Tinder research raises ethical worries for academics

Interviewees on dating app who wanted to be ‘used for academic purposes’ highlight the difficulties of using new technology for research

March 30, 2016
Person using Tinder on Apple iPhone smartphone
Source: Alamy

Using social media for academic research is throwing up awkward ethical issues for social scientists, a conference has heard.

With huge amounts of personal information posted on Twitter, Facebook and other sites each day, social media platforms may seem like a treasure trove of potential data for researchers, the Academy of Social Sciences event, titled “Social Media & Social Science Research Ethics”, on 21 March, was told.

But researchers wishing to use these popular sites as data sources must negotiate a difficult set of new ethical considerations not previously encountered by academia, many scholars explained.

“It’s very hard to fit these kinds of problems into the traditional ethics boxes,” said Jenna Condie, lecturer in digital research and online social analysis at Western Sydney University, who is investigating how the dating app Tinder has changed how tourists travel when visiting Australia.

Dr Condie told the event in London how she and her research collaborators had managed to interview “Tinder tourists” in Sydney by signing up to the app.

However, despite explaining the nature of their approach, many Tinder users may have had something different in mind when they responded to interview requests, Dr Condie said.

“I am so ready to be used for academic purposes” was one message received by a researcher, she said, adding that this type of interaction raised “issues around personal and professional boundaries”.

“You also have to log in through your Facebook account, allowing access to pictures, so there are issues around that,” Dr Condie added.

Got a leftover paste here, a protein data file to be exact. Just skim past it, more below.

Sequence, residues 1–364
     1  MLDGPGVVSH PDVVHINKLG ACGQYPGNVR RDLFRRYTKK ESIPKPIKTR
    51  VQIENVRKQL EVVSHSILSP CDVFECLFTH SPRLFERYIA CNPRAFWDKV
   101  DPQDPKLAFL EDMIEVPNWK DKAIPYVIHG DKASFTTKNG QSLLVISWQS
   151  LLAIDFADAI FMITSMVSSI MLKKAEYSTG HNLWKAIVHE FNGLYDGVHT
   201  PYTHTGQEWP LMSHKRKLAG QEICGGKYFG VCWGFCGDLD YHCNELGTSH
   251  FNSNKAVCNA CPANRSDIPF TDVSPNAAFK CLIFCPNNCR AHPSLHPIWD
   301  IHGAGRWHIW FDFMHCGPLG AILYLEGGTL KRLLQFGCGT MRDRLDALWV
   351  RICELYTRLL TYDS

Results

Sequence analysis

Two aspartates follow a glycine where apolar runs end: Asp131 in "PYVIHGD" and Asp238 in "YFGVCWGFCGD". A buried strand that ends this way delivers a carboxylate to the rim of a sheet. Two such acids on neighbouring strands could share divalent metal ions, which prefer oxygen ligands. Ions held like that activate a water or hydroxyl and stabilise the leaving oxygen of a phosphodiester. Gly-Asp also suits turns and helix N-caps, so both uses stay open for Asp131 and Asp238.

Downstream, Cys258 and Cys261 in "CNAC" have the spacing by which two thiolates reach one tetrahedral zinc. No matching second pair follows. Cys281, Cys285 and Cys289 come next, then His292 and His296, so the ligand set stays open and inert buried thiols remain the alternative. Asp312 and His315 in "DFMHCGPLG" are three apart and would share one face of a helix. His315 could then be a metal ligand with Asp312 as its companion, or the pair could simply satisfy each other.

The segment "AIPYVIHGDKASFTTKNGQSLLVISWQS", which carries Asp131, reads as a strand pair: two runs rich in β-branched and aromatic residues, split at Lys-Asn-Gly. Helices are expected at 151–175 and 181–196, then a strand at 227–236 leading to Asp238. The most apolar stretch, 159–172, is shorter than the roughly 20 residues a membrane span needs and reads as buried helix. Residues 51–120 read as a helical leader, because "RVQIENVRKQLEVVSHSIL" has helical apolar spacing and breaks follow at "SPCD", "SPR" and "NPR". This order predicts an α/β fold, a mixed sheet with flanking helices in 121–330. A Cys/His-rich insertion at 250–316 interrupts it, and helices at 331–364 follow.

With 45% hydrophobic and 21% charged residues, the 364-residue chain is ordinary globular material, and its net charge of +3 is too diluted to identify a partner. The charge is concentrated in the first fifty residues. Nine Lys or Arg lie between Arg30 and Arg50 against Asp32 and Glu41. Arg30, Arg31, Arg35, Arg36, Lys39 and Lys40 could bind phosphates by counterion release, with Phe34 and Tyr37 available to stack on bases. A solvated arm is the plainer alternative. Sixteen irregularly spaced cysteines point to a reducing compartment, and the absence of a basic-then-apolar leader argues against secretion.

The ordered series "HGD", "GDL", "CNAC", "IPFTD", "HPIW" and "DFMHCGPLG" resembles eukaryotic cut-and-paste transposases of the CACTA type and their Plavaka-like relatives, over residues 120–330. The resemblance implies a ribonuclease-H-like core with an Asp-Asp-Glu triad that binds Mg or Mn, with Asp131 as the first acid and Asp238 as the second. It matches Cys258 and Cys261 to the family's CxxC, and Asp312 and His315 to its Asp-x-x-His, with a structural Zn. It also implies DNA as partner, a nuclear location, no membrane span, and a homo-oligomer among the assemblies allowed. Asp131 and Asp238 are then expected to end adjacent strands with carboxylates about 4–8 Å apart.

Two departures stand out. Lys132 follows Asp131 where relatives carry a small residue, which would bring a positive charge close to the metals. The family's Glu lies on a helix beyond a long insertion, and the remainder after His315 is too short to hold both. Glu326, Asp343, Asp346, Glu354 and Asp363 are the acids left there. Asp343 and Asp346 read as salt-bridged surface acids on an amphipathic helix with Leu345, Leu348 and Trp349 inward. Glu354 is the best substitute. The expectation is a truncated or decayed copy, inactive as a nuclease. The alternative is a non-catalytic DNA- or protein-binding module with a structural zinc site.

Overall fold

Tinder’s terms of service, which bar any sort of data mining, are also a potential problem, she explained.

However, Condie, who is leading the project alongside Garth Lean, lecturer in geography and urban studies at Western Sydney, believed the scraping and interpretation of accessible material by academics would be allowed by Tinder as this activity was not commercially driven, she said.

The use of Twitter within research was another issue debated at the conference, which heard how some academics regarded the incorporation of user names and tweets in papers as “fair game”.

One sociology professor felt material posted online could be used in publications without consent as such tweets were “no different to if you had written a letter to a newspaper”, said Susan Halford, director of the University of Southampton’s Web Science Institute.

But several research projects at Southampton instead decided to use tweets “only in anonymised form”, she added.

That came despite concerns that “irreversible anonymisation is nigh on impossible” given that emerging new web tools may make recognition possible, she added.

Handling issues of consent was also tricky when using Facebook as a data source, explained Gill Mooney, a PhD student at the University of Leeds, who is using it to examine conceptions of class.

“I want to use screenshots in my research, PhD and possibly in publications,” said Ms Mooney.

However, this would mean obtaining consent from anyone featuring in a post – either in pictures, the main body or comments – before using the information, she said.


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